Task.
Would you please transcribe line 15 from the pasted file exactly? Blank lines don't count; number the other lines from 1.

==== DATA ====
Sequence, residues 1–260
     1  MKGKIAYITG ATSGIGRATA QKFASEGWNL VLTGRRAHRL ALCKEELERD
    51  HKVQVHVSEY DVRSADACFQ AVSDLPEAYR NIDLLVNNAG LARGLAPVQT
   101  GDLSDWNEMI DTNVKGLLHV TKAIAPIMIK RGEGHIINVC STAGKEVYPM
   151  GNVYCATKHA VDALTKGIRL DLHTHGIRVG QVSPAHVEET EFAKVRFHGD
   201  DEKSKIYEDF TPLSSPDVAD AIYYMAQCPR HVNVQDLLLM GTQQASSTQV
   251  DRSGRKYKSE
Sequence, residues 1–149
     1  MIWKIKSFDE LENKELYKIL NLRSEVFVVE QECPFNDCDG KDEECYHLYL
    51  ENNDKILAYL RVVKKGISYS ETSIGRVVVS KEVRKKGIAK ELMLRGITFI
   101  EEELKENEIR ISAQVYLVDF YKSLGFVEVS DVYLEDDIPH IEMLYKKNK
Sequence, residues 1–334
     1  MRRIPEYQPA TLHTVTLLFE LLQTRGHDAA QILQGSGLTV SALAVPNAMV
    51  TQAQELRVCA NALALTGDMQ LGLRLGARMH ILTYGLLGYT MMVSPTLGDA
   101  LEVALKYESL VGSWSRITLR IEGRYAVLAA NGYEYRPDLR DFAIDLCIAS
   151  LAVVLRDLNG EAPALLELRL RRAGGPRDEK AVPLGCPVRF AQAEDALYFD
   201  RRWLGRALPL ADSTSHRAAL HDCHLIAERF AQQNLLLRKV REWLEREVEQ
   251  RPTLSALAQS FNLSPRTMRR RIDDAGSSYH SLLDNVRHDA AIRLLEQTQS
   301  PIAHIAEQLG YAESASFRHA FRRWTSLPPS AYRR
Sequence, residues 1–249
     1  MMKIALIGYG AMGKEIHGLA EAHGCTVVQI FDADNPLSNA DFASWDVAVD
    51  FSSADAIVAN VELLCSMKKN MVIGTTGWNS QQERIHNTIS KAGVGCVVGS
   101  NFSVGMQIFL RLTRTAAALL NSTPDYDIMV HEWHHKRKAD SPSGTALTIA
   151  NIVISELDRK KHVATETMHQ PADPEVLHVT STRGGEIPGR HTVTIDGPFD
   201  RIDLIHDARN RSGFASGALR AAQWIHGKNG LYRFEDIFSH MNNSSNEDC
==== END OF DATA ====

   101  LEVALKYESL VGSWSRITLR IEGRYAVLAA NGYEYRPDLR DFAIDLCIAS